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I got on the train to the city one day last week in time to hear two schoolboys, probably 16-17 years old, earnestly discussing an issue one of them was having with a fellow student. I wasn’t really listening but when one of them summarised his situation as “no worries, I’m tough mate – I’ve got resolve”, I tuned in, because resolve is one of my favourite mental toughness words.

‘Resolve’ sums up for me the mindset that you need to be mentally tough.

His friend asked “What’s resolve?” and the answer came back “it means I’m strong and I’m committed to this” (whatever his particular issue or cause was).

I nodded sagely and silently to myself because I liked his choice of words and it indicated a degree of self-awareness and self esteem. He had a position, knew what it was and where the boundaries lay. He was also committed to defending that position which is where his resolve kicked in.

One of the challenges of not clearly understanding where your boundaries lie is that you have to manage situations on a case-by-case basis, which can create confusion and inconsistency for you and the people around you. Without boundaries it’s often difficult to have the resolve and remain in control. Emotion often takes over and the situation can spiral out of control with you either reacting publicly or suffering silently.  Other people will push you as far as they can and will look for signals, such as resolve or uncontrolled emotion to test your boundaries. If you are emotional you may get your way this time but if it becomes your default behaviour you will quickly lose respect.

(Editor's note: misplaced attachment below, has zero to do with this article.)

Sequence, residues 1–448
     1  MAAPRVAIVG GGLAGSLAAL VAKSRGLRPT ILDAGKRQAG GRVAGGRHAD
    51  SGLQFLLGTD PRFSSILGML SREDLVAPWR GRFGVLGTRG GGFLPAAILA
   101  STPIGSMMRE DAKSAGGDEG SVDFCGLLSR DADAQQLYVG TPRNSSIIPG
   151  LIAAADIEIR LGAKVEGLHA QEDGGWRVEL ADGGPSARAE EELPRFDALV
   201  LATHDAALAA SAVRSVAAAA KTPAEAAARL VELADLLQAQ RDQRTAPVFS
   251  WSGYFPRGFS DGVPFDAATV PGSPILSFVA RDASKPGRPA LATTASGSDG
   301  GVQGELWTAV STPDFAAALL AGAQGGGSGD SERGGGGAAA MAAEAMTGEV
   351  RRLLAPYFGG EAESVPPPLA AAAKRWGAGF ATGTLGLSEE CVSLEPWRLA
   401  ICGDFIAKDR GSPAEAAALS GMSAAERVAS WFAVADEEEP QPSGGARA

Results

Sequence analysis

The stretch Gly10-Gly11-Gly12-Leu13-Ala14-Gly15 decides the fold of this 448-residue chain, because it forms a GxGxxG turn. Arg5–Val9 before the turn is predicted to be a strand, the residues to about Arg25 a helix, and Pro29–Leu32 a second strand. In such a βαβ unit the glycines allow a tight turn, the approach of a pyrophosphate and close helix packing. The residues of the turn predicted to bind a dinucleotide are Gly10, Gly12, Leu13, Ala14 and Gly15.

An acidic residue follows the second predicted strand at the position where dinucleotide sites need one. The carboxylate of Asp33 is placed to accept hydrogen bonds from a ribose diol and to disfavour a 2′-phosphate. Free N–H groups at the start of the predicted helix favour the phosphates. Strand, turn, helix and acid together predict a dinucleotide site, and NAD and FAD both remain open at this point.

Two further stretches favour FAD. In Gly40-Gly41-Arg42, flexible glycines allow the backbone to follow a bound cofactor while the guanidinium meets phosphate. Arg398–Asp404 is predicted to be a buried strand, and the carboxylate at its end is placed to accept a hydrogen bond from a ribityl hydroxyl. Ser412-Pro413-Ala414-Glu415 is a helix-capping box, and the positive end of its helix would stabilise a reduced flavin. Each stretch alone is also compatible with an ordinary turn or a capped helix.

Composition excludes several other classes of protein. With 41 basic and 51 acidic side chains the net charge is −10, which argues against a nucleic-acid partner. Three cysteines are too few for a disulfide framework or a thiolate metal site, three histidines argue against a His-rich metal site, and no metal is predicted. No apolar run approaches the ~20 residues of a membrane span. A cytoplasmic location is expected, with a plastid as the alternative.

Similarly, if you don’t have boundaries you are more likely to feel emotionally bruised if a situation goes against you because you haven’t rationalised the situation – its emotional not objective. However, if you have a steely resolve you will know your boundaries have been crossed and you will think rationally about how to change the situation. Similarly if you outwardly display resolve people are more likely to respect you and your position.

I don’t know what happened with this young man and his resolve as he got off at the next stop. He may have been able to stand his ground and objectively achieve what he wanted from the situation or he may have had to consciously compromise but either way he would have hopefully retained control and respect for himself and from others rather than let his emotion get in the way.

The moral of this story is to know what your position is, what your boundaries are and be prepared and committed to rigorously defend your position where required. This clarity helps you with your decision-making and helps others to understand your position and hopefully respect and accommodate that. This self assessment of your boundaries and self management around your resolve and sense of control is a big part of the Control scale of the MTQ48 4C’s measure of Mental Toughness.

There are many good words and ways to describe the feeling of ‘resolve’ and to be ‘resolute’:

  • Determined
  • Single -Minded
  • Strong
  • Firm
  • Steadfast
  • Persistent
  • Persevering
  • Tenacious
  • Strong-minded
  • Stubborn
  • Pugnacious
  • Courageous
  • Gritty
  • Dogged
  • Brave
  • Plucky
  • Spunky
  • Bold
  • Brave
  • Staunch
  • Intense
  • Indefatigable
  • Hardy
  • Committed

Original Post from Mental Toughness Partners